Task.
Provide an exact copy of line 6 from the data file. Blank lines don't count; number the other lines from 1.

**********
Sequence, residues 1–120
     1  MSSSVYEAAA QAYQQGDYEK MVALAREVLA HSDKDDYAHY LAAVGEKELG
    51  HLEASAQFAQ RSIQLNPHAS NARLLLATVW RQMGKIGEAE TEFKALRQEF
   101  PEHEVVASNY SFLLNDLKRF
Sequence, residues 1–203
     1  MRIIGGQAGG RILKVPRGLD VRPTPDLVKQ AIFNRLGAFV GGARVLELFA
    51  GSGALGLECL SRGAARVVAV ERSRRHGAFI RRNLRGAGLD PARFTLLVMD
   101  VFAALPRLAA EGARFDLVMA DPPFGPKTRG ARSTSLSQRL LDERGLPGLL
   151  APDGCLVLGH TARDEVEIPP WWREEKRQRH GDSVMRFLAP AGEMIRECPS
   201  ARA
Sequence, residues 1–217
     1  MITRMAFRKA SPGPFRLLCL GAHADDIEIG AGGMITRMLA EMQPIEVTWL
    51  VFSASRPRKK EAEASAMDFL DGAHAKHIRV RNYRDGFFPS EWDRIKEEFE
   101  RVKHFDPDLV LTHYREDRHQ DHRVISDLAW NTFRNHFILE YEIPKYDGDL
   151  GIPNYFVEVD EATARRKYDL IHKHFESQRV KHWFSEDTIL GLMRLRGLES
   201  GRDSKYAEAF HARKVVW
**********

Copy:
     1  MRIIGGQAGG RILKVPRGLD VRPTPDLVKQ AIFNRLGAFV GGARVLELFA